Answering the Call: Food Security among Military Service Members and Veterans (Guest post: Effie Craven)

Photo by Russell Sellers / CC BY 2.0
Photo by Russell Sellers / CC BY 2.0

Effie Craven serves as the State Advocacy and Public Policy Director for the Oklahoma Food Banks — the Regional Food Bank of Oklahoma and the Community Food Bank of Eastern Oklahoma — where she advocates for programs and policies that promote access to nutritious foods and economic security for all Oklahomans.

One in six Oklahomans struggles with hunger, 25 percent of Oklahoma children are at risk of going to bed hungry at night, and 16 percent of our population live at or below the federal poverty line. These staggering figures highlight the critical problem of hunger in Oklahoma. Unfortunately, our military service members and veterans are not immune.

With more than 300,000 veterans in Oklahoma, the Oklahoma Food Banks are deeply concerned that tens of thousands of our state’s former service members may be struggling with hunger. According to a study published in 2015, more than one in four Iraq and Afghanistan veterans nationwide reported being food insecure in the past year. A separate 2015 study found that 24 percent of veterans who have accessed care through the Veterans Health Administration (VA) reported being food insecure. Feeding America’s Hunger in America report included data on veteran and military status among food pantry clients across the nation for the first time in 2014. The study found that than 1 in 5 households served by the Feeding America food bank network reported having at least one member who has served in the U.S. military.

Data for food insecurity among active-duty service members is scarce, as the Department of Defense and the U.S. Department of Agriculture do not coordinate data on service members’ use of federal food assistance programs. However, according to the Defense Commissary Agency, over $21 million in Supplemental Nutrition Assistance Program (SNAP) benefits were utilized at commissaries from September 2014 through August 2015.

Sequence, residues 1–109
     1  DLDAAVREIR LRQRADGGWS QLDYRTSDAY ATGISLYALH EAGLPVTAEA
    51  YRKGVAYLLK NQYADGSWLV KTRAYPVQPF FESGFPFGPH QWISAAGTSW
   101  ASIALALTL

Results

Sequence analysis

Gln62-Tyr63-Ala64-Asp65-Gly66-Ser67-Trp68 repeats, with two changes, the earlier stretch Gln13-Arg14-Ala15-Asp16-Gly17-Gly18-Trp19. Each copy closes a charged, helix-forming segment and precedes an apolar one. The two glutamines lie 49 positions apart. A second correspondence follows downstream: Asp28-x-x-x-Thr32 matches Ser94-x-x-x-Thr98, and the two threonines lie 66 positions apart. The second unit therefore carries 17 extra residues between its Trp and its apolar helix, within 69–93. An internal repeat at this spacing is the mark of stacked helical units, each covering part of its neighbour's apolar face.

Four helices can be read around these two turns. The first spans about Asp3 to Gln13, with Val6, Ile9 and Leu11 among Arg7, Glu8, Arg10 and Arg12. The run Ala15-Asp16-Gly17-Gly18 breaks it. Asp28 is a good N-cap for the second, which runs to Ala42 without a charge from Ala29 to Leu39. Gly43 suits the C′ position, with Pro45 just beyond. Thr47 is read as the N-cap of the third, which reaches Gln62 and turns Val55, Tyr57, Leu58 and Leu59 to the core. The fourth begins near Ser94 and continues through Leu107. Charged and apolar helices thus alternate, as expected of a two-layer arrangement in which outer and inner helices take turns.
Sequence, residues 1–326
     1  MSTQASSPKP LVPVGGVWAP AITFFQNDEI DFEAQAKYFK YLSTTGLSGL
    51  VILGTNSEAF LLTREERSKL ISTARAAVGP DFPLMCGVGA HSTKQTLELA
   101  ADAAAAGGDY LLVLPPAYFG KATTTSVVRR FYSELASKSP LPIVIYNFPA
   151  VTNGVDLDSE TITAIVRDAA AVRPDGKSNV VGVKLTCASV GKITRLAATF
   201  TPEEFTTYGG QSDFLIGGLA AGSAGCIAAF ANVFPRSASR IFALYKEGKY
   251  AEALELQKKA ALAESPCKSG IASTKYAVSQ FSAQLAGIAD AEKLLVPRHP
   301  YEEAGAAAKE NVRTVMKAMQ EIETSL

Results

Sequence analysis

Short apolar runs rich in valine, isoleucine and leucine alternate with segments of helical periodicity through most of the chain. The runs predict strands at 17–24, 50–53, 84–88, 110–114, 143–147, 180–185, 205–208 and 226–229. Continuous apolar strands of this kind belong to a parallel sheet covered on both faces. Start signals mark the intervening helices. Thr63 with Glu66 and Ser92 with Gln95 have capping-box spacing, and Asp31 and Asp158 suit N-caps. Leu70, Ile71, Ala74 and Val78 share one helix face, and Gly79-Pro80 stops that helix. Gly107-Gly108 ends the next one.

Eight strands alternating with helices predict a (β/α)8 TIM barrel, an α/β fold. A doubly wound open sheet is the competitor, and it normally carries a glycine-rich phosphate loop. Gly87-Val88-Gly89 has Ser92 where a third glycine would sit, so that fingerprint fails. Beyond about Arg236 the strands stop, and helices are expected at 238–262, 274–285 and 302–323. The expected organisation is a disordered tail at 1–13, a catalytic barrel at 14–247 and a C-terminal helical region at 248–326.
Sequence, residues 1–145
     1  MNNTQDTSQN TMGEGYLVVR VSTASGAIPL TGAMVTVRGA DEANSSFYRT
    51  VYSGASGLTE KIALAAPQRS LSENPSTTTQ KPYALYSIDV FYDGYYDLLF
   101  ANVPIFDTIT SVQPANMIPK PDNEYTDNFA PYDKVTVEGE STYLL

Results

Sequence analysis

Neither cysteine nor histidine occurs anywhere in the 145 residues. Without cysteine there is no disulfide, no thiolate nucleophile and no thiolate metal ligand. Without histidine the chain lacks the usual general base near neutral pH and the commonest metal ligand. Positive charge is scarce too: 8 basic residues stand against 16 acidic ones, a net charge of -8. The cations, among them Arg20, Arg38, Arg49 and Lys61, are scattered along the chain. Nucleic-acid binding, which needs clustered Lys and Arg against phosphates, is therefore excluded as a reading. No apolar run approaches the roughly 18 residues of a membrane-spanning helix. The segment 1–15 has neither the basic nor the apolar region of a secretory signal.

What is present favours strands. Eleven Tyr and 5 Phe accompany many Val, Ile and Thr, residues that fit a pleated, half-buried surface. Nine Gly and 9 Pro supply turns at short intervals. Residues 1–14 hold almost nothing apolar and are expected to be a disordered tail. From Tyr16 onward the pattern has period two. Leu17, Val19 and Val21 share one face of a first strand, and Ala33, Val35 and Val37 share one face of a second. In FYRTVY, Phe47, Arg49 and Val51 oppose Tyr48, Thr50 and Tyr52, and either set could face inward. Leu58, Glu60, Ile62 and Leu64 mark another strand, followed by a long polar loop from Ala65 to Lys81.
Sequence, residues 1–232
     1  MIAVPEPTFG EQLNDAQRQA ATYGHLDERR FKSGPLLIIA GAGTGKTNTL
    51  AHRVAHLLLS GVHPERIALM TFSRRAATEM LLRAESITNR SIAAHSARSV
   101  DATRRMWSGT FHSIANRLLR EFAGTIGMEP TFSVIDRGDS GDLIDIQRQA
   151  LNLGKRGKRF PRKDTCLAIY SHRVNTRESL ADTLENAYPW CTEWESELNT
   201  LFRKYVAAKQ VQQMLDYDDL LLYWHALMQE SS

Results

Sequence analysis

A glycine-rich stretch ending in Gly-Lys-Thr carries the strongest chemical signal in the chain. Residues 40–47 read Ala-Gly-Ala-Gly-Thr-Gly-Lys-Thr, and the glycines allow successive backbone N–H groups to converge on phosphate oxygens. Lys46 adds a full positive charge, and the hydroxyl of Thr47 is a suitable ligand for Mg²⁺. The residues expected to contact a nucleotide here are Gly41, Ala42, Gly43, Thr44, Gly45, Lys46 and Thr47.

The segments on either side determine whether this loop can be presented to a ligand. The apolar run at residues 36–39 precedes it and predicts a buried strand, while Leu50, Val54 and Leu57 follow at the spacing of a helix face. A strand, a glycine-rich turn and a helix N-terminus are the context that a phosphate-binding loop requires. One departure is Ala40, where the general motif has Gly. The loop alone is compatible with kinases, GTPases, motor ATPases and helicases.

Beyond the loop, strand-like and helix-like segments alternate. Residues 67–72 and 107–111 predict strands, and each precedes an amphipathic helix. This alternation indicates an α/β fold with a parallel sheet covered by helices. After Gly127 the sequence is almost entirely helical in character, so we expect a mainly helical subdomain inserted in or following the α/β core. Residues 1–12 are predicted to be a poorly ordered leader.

For these reasons, the Oklahoma Food Banks are increasing programming, outreach, and advocacy to ensure that our nation’s heroes don’t go hungry. During the 2016 state legislative session, we advocated for a bipartisan bill to help protect the assets of low-income homeowners who have served in the military. We have established partnerships with the VA and other agencies who serve veterans who are homeless or at risk of becoming homeless, and we are working to serve food-insecure military members and veterans across the state.

The Community Food Bank of Eastern Oklahoma operates a Mobile Eatery that serves hot meals to veterans in the Tulsa area weekly. Through a partnership with the Coffee Bunker, an organization dedicated to helping veterans and service members reintegrate and transition back to civilian life, veterans experiencing food insecurity are connected with critical resources, food assistance, and camaraderie with other former service members. Read the stories of one of the veterans who participated in this collaborative partnership here. The Community Food Bank of Eastern Oklahoma also engages veterans and the community groups who serve them through their Veteran’s Outreach Initiative, managed by a Vietnam-era Navy veteran. This initiative seeks to create collaborative networks to address the complex issues that contribute to food insecurity, including poverty, homelessness, and mental illness.

However, in order to maximize our impact and end military and veteran hunger, the charitable food assistance network cannot do it alone. We must also ask our leaders in state and federal government to prioritize data collection, track military and veteran participation in federal safety net programs, exclude service-related benefits from countable income in SNAP determination, and include food insecurity screenings as part of routine health care screenings.

The opinions stated above are not necessarily those of OK Policy, its staff, or its board. This blog is a venue to help promote the discussion of ideas from various points of view and we invite your comments and contributions. To see our guidelines for blog submissions, click here.

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The opinions stated in guest articles are not necessarily those of OK Policy, its staff, or its board. To see our guidelines for blog submissions, click here.

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